“Understand, democracy does not require uniformity.  Our founders quarreled and compromised, and expected us to do the same. But they knew that democracy does require a basic sense of solidarity – the idea that for all our outward differences, we are all in this together; that we rise or fall as one.”

He outlined three challenges that “threatened to rupture that solidarity” and democracy: income inequality, racism and sectarian politics. Obama skillfully wove his vision into each area, suggesting how to find common ground and move forward.

Listeners sensed that his most lasting legacy would be the actions of those people who engage in the struggle for the “more perfect union” and an expanding definition of democracy. Obama urged, now more than ever: “All of us, regardless of party, should be throwing ourselves into the task of rebuilding our democratic institutions.”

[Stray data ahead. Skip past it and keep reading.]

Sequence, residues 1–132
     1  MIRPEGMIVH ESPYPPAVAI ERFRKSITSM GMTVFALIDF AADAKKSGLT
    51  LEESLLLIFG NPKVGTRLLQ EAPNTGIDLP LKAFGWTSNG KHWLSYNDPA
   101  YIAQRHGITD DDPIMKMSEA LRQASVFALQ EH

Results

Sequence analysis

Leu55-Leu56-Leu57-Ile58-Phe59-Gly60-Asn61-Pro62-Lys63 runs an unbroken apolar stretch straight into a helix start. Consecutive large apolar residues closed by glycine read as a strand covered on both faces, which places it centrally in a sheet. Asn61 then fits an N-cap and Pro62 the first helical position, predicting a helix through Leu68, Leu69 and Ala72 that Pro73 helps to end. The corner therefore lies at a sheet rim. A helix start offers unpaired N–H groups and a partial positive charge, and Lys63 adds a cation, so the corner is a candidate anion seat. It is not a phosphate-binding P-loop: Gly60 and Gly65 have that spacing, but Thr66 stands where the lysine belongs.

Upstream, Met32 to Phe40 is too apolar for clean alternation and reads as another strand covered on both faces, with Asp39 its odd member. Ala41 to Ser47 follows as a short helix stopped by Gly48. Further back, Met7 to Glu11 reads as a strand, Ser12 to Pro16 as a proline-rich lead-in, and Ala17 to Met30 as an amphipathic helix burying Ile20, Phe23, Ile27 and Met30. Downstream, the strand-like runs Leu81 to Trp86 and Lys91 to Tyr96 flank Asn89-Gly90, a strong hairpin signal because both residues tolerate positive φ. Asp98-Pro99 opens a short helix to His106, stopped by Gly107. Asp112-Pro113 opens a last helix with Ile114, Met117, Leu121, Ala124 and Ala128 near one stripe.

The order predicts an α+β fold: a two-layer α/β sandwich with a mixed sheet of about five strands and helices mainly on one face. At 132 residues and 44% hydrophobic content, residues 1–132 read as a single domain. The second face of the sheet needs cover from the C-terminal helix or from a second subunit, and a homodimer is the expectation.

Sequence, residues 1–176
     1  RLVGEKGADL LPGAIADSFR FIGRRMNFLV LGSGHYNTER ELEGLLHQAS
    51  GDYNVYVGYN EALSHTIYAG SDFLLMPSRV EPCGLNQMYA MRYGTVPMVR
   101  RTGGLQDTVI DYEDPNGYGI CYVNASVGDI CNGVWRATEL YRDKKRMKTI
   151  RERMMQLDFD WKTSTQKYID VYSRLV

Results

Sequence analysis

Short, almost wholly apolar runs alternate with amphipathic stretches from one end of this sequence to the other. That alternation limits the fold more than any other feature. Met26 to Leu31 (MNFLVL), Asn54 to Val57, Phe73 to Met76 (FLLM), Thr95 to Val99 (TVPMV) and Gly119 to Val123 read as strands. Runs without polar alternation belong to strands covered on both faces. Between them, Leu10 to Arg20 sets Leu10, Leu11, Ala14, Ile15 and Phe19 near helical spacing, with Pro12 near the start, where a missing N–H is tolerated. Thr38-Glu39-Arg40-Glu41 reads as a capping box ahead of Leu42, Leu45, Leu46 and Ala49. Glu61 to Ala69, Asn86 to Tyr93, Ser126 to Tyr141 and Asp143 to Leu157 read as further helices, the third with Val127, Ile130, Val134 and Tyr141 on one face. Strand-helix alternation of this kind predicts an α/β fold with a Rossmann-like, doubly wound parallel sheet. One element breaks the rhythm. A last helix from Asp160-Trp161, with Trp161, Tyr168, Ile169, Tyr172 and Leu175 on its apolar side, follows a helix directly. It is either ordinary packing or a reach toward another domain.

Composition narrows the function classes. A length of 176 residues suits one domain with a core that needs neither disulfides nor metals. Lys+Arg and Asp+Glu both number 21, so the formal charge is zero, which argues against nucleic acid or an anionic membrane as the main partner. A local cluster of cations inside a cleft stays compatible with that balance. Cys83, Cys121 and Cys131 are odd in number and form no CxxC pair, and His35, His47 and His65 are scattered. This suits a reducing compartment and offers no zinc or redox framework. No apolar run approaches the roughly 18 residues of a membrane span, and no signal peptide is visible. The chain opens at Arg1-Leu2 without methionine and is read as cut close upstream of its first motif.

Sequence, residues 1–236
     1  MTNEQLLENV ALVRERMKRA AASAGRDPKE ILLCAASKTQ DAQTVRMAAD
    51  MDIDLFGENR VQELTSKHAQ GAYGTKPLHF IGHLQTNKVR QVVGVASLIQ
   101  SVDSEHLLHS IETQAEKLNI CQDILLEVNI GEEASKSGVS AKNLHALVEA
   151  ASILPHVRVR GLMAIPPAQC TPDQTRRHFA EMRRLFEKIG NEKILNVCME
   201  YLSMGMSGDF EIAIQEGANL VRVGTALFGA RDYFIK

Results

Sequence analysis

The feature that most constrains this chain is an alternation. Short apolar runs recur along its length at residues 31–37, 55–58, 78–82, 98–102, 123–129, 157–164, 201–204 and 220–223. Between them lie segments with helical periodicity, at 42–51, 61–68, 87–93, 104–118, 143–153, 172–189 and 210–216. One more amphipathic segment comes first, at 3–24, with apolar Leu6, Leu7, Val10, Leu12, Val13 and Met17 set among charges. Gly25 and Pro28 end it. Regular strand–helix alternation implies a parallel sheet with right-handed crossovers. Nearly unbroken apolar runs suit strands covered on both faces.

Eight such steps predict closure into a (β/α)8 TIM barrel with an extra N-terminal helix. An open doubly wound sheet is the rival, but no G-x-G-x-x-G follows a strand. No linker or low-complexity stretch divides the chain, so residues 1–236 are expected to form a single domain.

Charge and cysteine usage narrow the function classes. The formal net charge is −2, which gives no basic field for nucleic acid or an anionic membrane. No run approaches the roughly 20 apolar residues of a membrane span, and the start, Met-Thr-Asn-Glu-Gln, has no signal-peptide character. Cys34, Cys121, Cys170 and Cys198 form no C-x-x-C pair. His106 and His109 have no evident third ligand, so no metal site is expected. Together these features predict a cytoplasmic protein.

Forever a community organizer, Obama also urged the audience to run for office.

“If something needs fixing, then lace up your shoes and do some organizing. If you’re disappointed by your elected officials, grab a clipboard, get some signatures, and run for office yourself. Show up. Dive in. Stay at it,” he said.

Tiffany Moten, a volunteer with the Chicago Urban League, said her grandparents weren’t allowed to vote until they were in their thirties and their grandparents were slaves, so electing the nation’s first African American president held profound and enduring significance for her and her family.